Capital and Surplus Requirement – statutory requirement ordering companies to maintain their capital and surplus at an amount equal to or in excess of a specified amount to help assure the solvency of the company by providing a financial cushion against expected loss or misjudgments and generally measured as a company’s admitted assets minus its liabilities, determined on a statutory accounting basis.
Capital Gains (Loss) – excess (deficiency) of the sales price of an asset over its book value. Calculated on the basis of original cost adjusted, as appropriate, for accrual of discount or amortization of premium and for depreciation.
Capitalization or Leverage – Measures the exposure of a company’s surplus to various operating and financial practices. A highly leveraged, or poorly capitalized, company can show a high return on surplus, but might be exposed to a high risk of instability.
Capitation Arrangement – a compensation plan used in connection with some managed care contracts where a physician or other medical provider is paid a flat amount, usually on a monthly basis, for each subscriber who has elected to use that physician or medical provider. Capitated payments are sometimes expressed in terms of a “per member/per month” payment. The capitated provider is generally responsible, under the conditions of the contract, for delivering or arranging for the delivery of all contracted health services required by the covered person.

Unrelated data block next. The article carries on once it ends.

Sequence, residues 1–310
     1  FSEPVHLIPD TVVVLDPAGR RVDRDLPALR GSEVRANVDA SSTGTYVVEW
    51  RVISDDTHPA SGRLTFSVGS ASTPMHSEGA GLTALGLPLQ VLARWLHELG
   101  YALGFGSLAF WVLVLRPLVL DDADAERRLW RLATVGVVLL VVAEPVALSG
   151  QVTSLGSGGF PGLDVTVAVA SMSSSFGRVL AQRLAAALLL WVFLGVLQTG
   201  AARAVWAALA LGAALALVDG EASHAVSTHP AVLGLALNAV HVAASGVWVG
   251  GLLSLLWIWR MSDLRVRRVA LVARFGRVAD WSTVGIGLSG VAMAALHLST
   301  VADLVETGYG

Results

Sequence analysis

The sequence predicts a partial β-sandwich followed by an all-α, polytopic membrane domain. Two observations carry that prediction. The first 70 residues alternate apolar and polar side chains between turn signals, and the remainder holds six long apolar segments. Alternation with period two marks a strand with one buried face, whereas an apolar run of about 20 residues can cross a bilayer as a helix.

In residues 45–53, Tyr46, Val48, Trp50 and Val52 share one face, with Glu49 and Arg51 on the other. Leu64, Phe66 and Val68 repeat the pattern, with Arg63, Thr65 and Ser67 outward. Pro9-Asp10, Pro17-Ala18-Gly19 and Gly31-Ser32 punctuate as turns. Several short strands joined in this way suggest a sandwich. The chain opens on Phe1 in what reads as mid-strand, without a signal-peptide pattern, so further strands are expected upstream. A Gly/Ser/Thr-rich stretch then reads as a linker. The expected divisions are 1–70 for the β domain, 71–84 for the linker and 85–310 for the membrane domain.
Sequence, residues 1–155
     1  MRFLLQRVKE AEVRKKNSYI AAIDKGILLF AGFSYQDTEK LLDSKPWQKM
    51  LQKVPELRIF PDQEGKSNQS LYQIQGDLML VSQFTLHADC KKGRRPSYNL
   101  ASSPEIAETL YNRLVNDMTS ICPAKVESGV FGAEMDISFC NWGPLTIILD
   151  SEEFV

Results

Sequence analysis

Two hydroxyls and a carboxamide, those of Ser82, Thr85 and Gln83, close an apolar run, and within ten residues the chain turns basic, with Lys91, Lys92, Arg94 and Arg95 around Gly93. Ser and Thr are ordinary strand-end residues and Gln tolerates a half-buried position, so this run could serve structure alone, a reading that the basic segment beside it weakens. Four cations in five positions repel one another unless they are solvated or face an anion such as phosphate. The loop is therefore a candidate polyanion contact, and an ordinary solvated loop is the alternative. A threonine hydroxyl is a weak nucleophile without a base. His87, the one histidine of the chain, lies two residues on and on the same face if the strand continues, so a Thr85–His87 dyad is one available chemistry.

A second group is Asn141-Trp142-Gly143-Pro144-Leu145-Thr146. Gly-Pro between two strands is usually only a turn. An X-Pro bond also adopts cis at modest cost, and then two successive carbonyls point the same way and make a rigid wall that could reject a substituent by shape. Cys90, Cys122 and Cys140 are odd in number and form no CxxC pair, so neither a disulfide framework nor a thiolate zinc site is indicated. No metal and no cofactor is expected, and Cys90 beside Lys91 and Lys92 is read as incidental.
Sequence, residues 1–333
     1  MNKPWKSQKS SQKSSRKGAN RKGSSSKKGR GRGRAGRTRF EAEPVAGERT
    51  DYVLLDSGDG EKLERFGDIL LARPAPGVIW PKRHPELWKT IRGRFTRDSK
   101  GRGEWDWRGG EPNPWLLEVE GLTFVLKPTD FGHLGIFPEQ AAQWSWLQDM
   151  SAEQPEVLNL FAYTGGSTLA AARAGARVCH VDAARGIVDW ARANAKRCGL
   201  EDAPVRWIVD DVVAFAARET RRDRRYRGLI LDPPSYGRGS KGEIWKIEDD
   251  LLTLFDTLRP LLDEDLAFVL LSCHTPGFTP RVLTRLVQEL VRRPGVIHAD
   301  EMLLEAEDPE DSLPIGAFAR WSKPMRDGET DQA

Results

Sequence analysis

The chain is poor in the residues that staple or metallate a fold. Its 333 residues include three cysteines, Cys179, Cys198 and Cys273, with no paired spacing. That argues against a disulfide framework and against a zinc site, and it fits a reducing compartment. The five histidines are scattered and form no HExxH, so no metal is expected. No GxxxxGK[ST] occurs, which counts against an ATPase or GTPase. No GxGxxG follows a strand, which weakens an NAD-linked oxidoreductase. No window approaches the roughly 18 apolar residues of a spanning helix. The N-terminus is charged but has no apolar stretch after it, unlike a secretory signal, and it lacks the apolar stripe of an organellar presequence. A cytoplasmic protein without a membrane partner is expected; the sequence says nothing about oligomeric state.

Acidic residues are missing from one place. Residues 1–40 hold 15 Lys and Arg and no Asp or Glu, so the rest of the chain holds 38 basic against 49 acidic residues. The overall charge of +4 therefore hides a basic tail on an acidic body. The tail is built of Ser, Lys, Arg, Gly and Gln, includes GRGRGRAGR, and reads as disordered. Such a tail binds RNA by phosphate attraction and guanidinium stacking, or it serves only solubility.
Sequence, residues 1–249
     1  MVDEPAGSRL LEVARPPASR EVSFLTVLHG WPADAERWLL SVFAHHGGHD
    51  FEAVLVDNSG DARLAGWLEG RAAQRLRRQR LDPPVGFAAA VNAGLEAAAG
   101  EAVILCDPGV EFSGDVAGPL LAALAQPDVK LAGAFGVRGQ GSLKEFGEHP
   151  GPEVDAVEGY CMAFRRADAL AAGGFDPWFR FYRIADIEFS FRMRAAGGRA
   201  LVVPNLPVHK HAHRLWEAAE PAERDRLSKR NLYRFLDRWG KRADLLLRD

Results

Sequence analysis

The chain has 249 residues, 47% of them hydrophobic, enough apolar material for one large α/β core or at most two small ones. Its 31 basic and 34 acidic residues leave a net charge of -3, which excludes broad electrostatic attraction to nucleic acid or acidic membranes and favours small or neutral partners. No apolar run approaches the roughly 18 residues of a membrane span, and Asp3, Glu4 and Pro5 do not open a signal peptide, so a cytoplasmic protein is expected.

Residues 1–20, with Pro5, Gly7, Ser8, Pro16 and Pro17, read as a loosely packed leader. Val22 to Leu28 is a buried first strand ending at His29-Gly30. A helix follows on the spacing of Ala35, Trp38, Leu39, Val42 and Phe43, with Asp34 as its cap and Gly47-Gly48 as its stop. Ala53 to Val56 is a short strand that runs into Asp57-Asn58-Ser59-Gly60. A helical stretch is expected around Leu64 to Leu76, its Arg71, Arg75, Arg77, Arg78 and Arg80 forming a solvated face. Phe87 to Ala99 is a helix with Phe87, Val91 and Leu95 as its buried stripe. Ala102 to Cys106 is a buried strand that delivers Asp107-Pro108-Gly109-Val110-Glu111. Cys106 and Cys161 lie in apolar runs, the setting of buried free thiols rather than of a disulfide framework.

Captive Agent – an individual who sells or services insurance contracts for a specific insurer or fleet of insurers.
Captive Agent – Representative of a single insurer or fleet of insurers who is obliged to submit business only to that company, or at the very minimum, give that company first refusal rights on a sale. In exchange, that insurer usually provides its captive agents with an allowance for office expenses as well as an extensive list of employee benefits such as pensions, life insurance, health insurance, and credit unions.
Captive Insurer – an insurance company established by a parent firm for the purpose of insuring the parent’s exposures.
Carrying Value (Amount) – the SAP book value plus accrued interest and reduced by any valuation allowance and any nonadmitted adjustment applied to the individual investment.
Cash – a medium of exchange.
Cash Equivalent – short-term, highly liquid investments that are both (a) readily convertible to known amounts of cash, and (b) so near their maturity that they present insignificant risk of changes in value because of changes in interest rates. Investments with original maturities of three months or less qualify under this definition.
Casualty Insurance – a form of liability insurance providing coverage for negligent acts and omissions such as workers compensation, errors and omissions, fidelity, crime, glass, boiler, and various malpractice coverages.